Situation Analysis Summary: Migration in the Omo-Turkana Basin

A summary of the migration implications of developments and environmental change in the Omo-Turkana Basin, from the Ambio situation analysis.

A frequently observed response to food insecurity and changes in availability of natural resources is increased mobility, as communities seek compensation in ‘‘buffer zones’’ or in the territory of neighboring groups. In the Lower Omo, movements by agro-pastoralists in search of grazing and farmland are currently occurring alongside three other kinds of migration: villagization programs that are aimed at sedentarizing the region’s pastoralist groups; government-planned resettlement of people from more densely inhabited regions of southern Ethiopia; and an influx of migrants from Ethiopia’s southern highlands in search of job opportunities.

Although the government originally envisioned resettling the entire agro-pastoral population of the South Omo zone in conjunction with the expansion of commercial farms, it has so far attempted to implement villagization only in the vicinity of the Kuraz Sugar Development Project, in Salamago Wereda and in Hamar. Following a campaign in which locals were informed of the villagization plan, settlers were induced to move into new villages in Salamago in 2012. Communities subject to villagization were allotted irrigated plots of 0.25–0.5 ha for production of maize, but the households who attempted to farm these plots struggled to feed themselves and remained largely dependent on food aid. Conflicts with members of other groups resettled in Salamago, and the withdrawal of food aid, subsequently led to the dissolution of villagization sites.

In 2004, a fertile area in Bodi land was chosen to resettle about 5 000 people form Konso, in the southern highlands. The arrival of settlers from Konso has increased population pressure and competition for farming and grazing land for the Bodi and have effectively closed off access to some of their most valuable territory for rain-fed farming. These pressures have been intensified by the influx of labor migrants in search of employment on construction projects and the sugar estates.

Bodi people resting under the shade during a work-party in the new treeless plots allocated to them by the Ethiopian Sugar Corporation

Population movements often lead to conflict. While conflict among the peoples of the Lower Omo and Lake Turkana predates colonial penetration of the region, conflict between the indigenous groups and the Ethiopian government has regularly erupted since the beginning of the resettlement drive in the Lower Omo in 2005, both because the government failed to endorse strict boundaries to contain the encroachment of Konso farms on Bodi land, and because the new economic interests of the government in the region seem to have motivated a one- sided response to the conflict. For example, in Bench Maji zone in 2012, government forces reportedly killed approximately fifty Suri people, following the deaths of three Dizi policemen marking land for the villagization of people who lost land to a palm-tree development. Adding to these tensions, local people have attacked townspeople and migrant workers near the new sugar estates, mostly in retaliation for the killing of their own people by fast-driving vehicles on the newly expanded road network.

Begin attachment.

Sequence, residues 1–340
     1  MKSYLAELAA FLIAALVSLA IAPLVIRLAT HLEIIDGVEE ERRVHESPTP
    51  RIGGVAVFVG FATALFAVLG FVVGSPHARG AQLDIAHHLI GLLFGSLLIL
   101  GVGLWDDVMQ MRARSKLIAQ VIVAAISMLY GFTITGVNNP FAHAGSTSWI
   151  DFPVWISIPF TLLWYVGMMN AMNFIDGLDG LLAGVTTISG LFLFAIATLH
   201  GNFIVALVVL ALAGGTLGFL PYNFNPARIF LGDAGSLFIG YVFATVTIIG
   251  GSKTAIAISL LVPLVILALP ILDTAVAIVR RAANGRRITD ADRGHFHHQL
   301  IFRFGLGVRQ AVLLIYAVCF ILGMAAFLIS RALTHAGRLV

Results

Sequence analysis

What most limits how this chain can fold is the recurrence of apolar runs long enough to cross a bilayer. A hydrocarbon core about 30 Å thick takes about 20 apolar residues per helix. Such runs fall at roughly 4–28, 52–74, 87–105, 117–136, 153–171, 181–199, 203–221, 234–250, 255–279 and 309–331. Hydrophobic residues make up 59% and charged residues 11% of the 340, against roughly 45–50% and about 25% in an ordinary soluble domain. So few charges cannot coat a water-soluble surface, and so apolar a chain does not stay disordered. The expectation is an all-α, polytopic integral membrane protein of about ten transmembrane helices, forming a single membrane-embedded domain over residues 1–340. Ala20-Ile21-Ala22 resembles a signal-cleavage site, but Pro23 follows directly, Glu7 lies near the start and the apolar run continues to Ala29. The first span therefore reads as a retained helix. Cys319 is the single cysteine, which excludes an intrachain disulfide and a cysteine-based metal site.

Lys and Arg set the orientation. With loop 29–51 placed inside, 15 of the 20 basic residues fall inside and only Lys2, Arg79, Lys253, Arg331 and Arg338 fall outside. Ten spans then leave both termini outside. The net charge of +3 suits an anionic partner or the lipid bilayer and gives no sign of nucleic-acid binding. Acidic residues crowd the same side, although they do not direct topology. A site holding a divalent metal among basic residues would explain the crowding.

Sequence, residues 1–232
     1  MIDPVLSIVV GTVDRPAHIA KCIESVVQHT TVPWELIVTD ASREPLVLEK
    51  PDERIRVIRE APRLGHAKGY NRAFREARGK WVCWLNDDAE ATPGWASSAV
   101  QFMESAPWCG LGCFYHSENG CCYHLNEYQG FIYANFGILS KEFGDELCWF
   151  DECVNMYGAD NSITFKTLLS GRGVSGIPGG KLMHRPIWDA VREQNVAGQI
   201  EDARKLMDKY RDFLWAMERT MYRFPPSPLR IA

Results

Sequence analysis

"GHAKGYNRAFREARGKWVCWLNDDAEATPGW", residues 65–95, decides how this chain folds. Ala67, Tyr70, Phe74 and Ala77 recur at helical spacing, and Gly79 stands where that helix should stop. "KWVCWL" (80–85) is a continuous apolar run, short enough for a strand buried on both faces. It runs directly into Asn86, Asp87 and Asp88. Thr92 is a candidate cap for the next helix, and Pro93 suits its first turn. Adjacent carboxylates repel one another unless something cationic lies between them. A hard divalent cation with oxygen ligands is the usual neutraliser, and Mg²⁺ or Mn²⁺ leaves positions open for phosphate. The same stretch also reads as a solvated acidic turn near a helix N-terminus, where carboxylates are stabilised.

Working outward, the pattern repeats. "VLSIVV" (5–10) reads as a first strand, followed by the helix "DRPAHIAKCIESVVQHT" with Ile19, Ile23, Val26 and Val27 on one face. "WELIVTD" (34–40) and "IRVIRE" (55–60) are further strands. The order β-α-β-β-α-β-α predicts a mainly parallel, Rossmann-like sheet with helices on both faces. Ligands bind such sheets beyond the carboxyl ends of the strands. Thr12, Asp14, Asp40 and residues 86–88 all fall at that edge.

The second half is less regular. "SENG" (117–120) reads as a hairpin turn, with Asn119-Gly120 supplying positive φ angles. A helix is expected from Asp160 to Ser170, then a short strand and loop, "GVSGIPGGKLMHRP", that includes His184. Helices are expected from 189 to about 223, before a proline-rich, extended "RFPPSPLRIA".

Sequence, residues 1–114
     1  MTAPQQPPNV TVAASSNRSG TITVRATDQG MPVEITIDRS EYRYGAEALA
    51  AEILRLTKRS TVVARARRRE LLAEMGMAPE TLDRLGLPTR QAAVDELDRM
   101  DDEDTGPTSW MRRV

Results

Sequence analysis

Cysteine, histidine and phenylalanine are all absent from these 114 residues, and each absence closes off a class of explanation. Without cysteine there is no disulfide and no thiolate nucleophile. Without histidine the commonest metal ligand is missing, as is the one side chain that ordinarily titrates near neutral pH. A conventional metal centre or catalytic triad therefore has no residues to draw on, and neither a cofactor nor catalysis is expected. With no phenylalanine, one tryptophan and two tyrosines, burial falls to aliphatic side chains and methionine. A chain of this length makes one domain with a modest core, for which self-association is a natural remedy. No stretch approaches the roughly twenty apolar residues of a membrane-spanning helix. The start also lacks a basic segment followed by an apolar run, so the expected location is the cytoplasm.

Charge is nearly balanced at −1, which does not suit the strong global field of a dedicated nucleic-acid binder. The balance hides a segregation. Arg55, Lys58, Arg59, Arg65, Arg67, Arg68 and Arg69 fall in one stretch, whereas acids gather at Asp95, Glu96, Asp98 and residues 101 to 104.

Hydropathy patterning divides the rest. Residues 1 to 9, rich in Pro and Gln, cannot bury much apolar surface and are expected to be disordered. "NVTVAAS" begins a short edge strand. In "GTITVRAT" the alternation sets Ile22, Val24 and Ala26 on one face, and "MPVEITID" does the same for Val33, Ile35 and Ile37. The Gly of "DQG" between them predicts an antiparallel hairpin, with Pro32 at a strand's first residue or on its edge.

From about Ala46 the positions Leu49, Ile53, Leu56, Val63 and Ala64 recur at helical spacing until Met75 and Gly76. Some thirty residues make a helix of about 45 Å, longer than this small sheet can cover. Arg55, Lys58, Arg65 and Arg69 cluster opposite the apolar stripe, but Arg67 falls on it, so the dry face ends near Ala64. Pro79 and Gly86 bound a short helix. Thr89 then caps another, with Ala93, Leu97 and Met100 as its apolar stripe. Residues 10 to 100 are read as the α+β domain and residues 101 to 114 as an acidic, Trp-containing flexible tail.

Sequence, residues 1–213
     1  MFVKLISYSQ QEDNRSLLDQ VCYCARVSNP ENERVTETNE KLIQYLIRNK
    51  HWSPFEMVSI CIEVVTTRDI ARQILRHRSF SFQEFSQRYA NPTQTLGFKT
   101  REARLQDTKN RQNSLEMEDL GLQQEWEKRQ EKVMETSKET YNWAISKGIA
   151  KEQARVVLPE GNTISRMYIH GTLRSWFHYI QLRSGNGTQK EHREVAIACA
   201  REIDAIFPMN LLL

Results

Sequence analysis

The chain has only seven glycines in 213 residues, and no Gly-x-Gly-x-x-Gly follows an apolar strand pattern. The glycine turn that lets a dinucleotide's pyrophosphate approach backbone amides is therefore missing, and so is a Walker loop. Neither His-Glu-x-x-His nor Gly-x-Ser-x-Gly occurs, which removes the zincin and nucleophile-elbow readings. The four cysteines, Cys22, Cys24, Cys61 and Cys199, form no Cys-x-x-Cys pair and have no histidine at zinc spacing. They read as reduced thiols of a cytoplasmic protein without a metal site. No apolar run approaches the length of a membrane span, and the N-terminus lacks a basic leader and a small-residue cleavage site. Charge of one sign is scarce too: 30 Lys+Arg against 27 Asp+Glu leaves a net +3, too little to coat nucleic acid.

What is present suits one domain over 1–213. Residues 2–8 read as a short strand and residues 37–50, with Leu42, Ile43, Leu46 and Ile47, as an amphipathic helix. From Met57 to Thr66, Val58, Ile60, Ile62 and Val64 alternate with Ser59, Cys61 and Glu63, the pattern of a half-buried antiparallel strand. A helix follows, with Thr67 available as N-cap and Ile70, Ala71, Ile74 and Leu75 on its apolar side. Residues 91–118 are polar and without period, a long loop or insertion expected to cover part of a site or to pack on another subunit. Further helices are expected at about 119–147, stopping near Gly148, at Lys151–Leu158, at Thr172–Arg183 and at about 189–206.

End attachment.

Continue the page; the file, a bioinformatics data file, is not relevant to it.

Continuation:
Certain conflicts are being exacerbated by the ecological changes underway in the borderlands between the Ethiopian and Kenyan states. These conflicts have historically taken the form of raids and attacks in the delta and lake margins. Elimination of the Omo flood and the decline of the lake’s fish populations are projected to increase the intensity and frequency of conflicts.

For further information, see the recently published paper “”Do Our Bodies Know Their Ways?” Villagization, Food Insecurity, and Ill-Being in Ethiopia’s Lower Omo Valley” by Drs. Jed Stevenson and Lucie Buffavand and ““The land does not like them”: contesting dispossession in cosmological terms in Mela, south-west Ethiopia” by Dr. Lucie Buffavand.

Dr. Jed Stevenson is an Assistant Professor in the Department of Anthropology at Durham University. His research interests include child development, water and food security, and development-forced displacement.

Dr. Lucie Buffavand is a postdoctoral researcher of the Fyssen Foundation, affiliated with the Laboratoire d’Anthropologie Sociale, France, and research partner with the Max Planck Institute for Social Anthropology, Germany. Her research interests include the relation between social identity and place-making practices.

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